Monday, March 14, 2011

You know the drill.

I've used this expression here and at the small guide site at least a few times, so I'm sure you have an idea of what it means.

This idiom basically says, "You know what to do." We use it to tell people that they've done the activity before and that you expect them to do it. (Drill here means a step-by-step, practiced activity as in a military drill or a fire drill.) 

Keep in mind that this expression tends to be informal and because you're basically telling someone what to do, you shouldn't use it when talking to your manager or supervisor. When you do use this expression, you should also mention what needs to be done to motivate people to start doing it.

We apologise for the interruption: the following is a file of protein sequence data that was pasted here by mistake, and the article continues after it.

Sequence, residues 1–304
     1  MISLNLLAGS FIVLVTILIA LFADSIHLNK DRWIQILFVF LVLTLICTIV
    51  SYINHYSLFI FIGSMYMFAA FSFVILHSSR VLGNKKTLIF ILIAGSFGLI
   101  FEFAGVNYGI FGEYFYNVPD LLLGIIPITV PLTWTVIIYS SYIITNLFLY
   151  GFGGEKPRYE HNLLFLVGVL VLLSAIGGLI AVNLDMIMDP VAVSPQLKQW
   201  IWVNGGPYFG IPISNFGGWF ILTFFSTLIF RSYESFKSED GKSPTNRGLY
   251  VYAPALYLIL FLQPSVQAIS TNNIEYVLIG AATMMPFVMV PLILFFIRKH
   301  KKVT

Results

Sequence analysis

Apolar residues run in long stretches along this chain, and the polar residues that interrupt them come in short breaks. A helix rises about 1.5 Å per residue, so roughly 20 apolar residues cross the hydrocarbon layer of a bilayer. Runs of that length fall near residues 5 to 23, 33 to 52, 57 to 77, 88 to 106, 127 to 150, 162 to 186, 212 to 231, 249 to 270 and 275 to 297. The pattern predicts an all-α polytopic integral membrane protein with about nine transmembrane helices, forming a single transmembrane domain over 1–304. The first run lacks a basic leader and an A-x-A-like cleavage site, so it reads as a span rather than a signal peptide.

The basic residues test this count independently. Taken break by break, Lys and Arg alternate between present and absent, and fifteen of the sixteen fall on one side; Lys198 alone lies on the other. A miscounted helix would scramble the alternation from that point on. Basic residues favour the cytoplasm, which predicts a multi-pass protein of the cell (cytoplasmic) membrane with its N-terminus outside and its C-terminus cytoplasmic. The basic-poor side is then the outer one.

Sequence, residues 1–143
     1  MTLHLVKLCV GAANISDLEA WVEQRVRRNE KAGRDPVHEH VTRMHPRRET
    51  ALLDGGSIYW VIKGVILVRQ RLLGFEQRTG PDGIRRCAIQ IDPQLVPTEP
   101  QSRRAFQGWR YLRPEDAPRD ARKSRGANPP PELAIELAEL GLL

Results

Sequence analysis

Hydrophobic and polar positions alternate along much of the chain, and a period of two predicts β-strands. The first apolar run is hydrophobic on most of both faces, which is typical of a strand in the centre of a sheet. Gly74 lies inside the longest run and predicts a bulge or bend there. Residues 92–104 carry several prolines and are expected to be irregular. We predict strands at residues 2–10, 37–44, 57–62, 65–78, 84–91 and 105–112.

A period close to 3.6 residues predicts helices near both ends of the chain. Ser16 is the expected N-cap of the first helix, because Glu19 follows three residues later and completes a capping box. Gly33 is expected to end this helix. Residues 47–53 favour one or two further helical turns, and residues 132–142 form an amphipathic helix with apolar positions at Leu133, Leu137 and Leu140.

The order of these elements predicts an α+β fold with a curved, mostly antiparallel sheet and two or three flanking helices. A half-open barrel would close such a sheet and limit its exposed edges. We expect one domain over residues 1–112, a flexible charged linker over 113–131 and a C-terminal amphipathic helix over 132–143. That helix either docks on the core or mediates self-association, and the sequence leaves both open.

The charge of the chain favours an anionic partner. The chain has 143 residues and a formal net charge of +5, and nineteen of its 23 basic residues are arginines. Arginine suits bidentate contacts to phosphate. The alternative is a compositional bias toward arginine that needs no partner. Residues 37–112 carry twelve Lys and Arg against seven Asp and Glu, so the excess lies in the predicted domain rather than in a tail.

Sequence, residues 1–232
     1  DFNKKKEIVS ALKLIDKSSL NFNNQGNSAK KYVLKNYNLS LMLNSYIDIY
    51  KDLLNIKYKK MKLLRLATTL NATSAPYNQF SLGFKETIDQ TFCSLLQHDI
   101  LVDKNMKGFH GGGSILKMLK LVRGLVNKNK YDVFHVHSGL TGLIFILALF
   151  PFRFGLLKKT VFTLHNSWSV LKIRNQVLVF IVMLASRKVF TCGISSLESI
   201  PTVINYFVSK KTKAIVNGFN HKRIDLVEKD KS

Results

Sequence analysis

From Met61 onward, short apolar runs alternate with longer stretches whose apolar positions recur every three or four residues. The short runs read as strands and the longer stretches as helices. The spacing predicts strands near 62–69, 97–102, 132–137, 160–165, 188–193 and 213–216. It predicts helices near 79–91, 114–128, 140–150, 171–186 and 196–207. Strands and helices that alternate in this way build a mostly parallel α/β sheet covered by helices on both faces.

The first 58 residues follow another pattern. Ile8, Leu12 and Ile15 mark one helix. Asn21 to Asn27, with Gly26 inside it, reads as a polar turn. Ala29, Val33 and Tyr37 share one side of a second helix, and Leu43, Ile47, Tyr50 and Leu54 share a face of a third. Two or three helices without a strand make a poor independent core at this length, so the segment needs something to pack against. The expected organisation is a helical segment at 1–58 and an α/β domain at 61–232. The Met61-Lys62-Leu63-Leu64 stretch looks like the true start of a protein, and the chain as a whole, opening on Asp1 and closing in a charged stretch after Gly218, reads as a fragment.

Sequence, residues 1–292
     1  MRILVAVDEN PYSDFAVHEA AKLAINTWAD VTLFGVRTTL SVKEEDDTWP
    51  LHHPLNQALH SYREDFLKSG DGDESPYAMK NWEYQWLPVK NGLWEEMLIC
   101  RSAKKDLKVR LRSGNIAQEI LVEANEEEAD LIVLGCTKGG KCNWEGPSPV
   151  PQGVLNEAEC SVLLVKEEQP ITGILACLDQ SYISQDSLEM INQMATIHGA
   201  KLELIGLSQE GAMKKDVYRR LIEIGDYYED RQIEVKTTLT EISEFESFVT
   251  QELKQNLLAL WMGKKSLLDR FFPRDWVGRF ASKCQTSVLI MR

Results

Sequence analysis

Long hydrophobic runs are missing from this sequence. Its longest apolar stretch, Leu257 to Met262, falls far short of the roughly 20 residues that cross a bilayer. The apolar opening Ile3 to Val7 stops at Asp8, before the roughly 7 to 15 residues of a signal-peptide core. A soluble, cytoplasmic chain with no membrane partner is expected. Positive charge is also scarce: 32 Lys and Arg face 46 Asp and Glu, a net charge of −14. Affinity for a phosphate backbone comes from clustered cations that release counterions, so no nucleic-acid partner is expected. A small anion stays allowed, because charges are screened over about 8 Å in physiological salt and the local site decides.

like this:
1. Alright, guys! You know the drill. Let's put everything away so we can leave.
2. Alright, everyone! You know the drill! We have to sweep the floor first, then we mop.
3. Ok, class. You know the drill. Turn to the person next to you and practice.

Well, that's all there is to it. You know the drill. You should now try to use the expression as soon as possible.

Good luck!
Joe Yu -- Drop by. Learn something. Improve your English  

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